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Intellectual property law and the protection of indigenous Australian traditional knowledge in natural resources
journal contributionposted on 2020-04-15, 00:00 authored by GD Meyers, Olasupo OwoeyeOlasupo Owoeye
This essay is not about native title (though it will get a brief mention). Rather, its subject is the potential means for protecting Indigenous traditional knowledge rights in natural resources, which arguably, at its core, is about the nature of the socio-political and, perhaps more importantly, the economic relationship between Indigenous peoples and non-Indigenous society in Australia. It is these relationships which form the two fundamental pillars of the study and understanding of Indigenous/non-Indigenous relations, particularly in all common law jurisdictions in North America, New Zealand, Australia and elsewhere, and probably wherever Indigenous lands have been conquered or otherwise settled by Europeans and others.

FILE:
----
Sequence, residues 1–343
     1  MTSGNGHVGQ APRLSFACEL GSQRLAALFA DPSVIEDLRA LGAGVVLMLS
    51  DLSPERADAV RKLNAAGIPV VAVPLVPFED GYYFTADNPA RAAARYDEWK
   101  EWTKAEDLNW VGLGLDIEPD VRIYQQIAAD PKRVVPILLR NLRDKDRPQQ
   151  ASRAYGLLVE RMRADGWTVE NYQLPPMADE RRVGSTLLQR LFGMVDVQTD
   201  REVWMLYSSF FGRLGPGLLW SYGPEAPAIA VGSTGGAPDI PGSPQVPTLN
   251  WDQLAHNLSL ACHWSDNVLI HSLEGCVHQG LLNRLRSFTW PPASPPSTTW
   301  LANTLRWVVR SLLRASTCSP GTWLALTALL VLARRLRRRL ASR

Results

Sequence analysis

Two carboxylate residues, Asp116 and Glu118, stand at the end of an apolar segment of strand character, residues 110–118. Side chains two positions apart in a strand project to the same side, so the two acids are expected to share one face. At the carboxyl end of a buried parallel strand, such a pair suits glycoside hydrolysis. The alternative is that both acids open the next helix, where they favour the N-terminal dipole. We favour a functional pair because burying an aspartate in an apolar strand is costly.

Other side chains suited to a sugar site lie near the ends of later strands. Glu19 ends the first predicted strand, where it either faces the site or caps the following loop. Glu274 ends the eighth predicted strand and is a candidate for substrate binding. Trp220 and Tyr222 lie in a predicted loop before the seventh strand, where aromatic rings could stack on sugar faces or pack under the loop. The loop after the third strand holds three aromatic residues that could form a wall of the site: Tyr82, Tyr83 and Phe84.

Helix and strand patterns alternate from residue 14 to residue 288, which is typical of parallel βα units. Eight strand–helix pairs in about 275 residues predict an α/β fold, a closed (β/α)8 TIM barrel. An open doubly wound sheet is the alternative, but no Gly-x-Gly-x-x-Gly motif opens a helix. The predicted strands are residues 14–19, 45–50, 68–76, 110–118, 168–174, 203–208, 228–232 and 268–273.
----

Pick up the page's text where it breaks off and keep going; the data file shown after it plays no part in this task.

Number of Pages19
PublisherUniversity of Tasmania; 1998
External Author AffiliationsUniversity of Tasmania